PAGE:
re: "interpret (Succ (Pred x))  \equiv interpret (Pred (Succ x))"


    Not sure. If you can suggest some patched code, perhaps, I can say whether I like it or not Smiley


    Do you agree with the following views?


    If someone really consumes the result of (Pred Zero) as in Console.WriteLn, then we have to throw.


    If someone's code is not strict in the result of (Pred Zero), then we can succeed (in a lazy language).


    Thanks for the comments. 





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    Thanks for clarifying the (Maybe Value) thing for me. Smiley I really did have Meaning and Value conflated.


    Your "views" at the end of the post make total sense to me. About the code, I was thinking along the lines of


      interpret Zero = Just 0

      interpret (Succ x) = interpret' 1 x

      interpret (Pred x) = interpret' (-1) x

      interpret' n (Succ x) = interpret' (n+1) x

      interpret' n (Pred x) = interpret' (n-1) x

      interpret' n Zero = if n>=0 then Just n else Nothing


    This really goes to the separation of timelines (combination time vs execution/run time) as I see it as the essential feature of monads. To do something (here, (1+) ) after the processing is done, or while processing - after combining all the monadic actions, or while combining them.


    But it is an embellishement.

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    Wonderful proposal!


    There is nothing essentially monadic about this code.

    In fact, I don't know how to usefully classify this approach, but is very systematic of course.

    It smells a bit like CPS because of the way you pass around the current result of interpreted constructors so far.


    At a general level, I think what you are proposing is to try to remain defined in cases where the partiality of a surface domain (such as Nat) can be accommodated for with a more liberal, internal domain (such as Int). I can see that this overall idea of being more restricted at the interface level than in the internal design of a system with intermediate results of computation makes very much sense.


    This is an unusual technique in interpretation Smiley


    Would you say that your code is sufficiently equivalent (and in intention and behavior) to the following perhaps more direct approach?


    data Term = Zero | Succ Term | Pred Term type Nat = Int -- We won't use negative numbers. interpret :: Term -> Maybe Nat interpret x = case interpret' x of n | n >= 0 -> Just n otherwise -> Nothing where interpret' :: Term -> Int interpret'
     Zero = 0 interpret' (Succ x) = interpret' x + 1 interpret' (Pred x) = interpret' x - 1 main = do print $ interpret $ Succ $ Succ $ Succ $ Pred $ Pred $ Zero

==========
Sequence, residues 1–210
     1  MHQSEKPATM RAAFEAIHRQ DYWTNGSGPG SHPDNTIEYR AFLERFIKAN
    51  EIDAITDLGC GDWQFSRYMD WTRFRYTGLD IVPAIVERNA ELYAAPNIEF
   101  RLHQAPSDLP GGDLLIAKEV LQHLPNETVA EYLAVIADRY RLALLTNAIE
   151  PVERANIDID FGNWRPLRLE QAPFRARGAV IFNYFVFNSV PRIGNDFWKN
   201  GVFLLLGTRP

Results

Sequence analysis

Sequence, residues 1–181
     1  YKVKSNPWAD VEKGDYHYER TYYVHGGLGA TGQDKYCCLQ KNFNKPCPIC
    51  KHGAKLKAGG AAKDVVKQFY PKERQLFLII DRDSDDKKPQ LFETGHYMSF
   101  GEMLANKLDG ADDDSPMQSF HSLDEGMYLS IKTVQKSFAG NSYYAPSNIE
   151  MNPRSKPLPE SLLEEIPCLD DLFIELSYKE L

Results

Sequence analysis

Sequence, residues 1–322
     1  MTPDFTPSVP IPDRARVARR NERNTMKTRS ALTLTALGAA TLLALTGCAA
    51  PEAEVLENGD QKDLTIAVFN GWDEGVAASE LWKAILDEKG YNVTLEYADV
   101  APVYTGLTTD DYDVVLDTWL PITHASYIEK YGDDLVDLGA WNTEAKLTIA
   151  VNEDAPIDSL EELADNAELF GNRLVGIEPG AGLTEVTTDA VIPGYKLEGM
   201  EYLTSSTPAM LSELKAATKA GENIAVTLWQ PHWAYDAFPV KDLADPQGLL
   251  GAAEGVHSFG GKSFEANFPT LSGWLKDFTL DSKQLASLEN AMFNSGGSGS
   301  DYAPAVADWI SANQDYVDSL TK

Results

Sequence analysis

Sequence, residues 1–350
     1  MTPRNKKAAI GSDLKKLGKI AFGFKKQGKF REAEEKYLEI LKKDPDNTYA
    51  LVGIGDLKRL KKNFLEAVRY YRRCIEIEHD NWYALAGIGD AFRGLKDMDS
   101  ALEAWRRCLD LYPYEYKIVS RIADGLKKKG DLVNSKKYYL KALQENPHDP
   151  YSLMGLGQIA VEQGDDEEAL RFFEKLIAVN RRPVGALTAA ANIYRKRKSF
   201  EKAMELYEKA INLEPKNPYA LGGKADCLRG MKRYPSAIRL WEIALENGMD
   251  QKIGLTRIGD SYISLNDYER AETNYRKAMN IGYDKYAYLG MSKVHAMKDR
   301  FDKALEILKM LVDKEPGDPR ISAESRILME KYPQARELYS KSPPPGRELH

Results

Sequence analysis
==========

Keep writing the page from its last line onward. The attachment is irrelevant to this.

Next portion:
This version makes interpretation operate on Int but it projects to Nat at the very end.


    Cool, this made me thinking!


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    Yes, but what if we didn't have full Int to use at the intermediate level? My approach would still work, as in


     interpret Zero = Just 0 interpret (Succ x) = interpretPos 1 x interpret (Pred x) = interpretNeg 1 x interpretPos n Zero = Just n interpretPos n (Succ x) = interpretPos (n+1) x interpretPos n (Pred x) = if n>0 then interpretPos (n-1) x
     else interpretNeg 1 x interpretNeg n Zero = if n>0 then Nothing else Just n interpretNeg n (Pred x) = interpretNeg (n+1) x interpretNeg n (Succ x) = if n>0 then interpretNeg (n-1) x else interpretPos 1 x


    This way we don't demand the existence of extended domain prior to our defining it (we didn't define negatives above, but we could, now - just using Either instead of Maybe).


    What I mean by my reference to monads is that I see it as essential to monads the separation of monad composition timeline and monad execution timeline, which makes optimization (pre-processing) while composing, possible - and that's what my version it doing. Also "monadic" is that my interpretPos/Neg pair encode and carry along the additional data. Or something like that. Smiley

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    One might say that your revised approach effectively does operate on Int (incl. negative numbers) in the sense of using this encoding of Int (even though you switch between alternatives through functions but not through constructors):


    data PosNat = One | Succ PosNat data Int = Zero | PosInt PosNat | NegInt PosNat


    ... and yes, you could be using the reader (environment) monad for passing around the data except that all your equations are non-oblivious to the extra argument (excerpt perhaps the interpretPos case for Zero). In such a setting, the reader monad gives you little leverage.


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    Hi Ralf,
    Could you please share the solution to the last riddle in the video?